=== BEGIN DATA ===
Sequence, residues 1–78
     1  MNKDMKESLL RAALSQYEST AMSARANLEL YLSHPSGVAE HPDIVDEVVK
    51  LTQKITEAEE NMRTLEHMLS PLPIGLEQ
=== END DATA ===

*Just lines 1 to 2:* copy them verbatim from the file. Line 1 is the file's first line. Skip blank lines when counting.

Sequence, residues 1–78
     1  MNKDMKESLL RAALSQYEST AMSARANLEL YLSHPSGVAE HPDIVDEVVK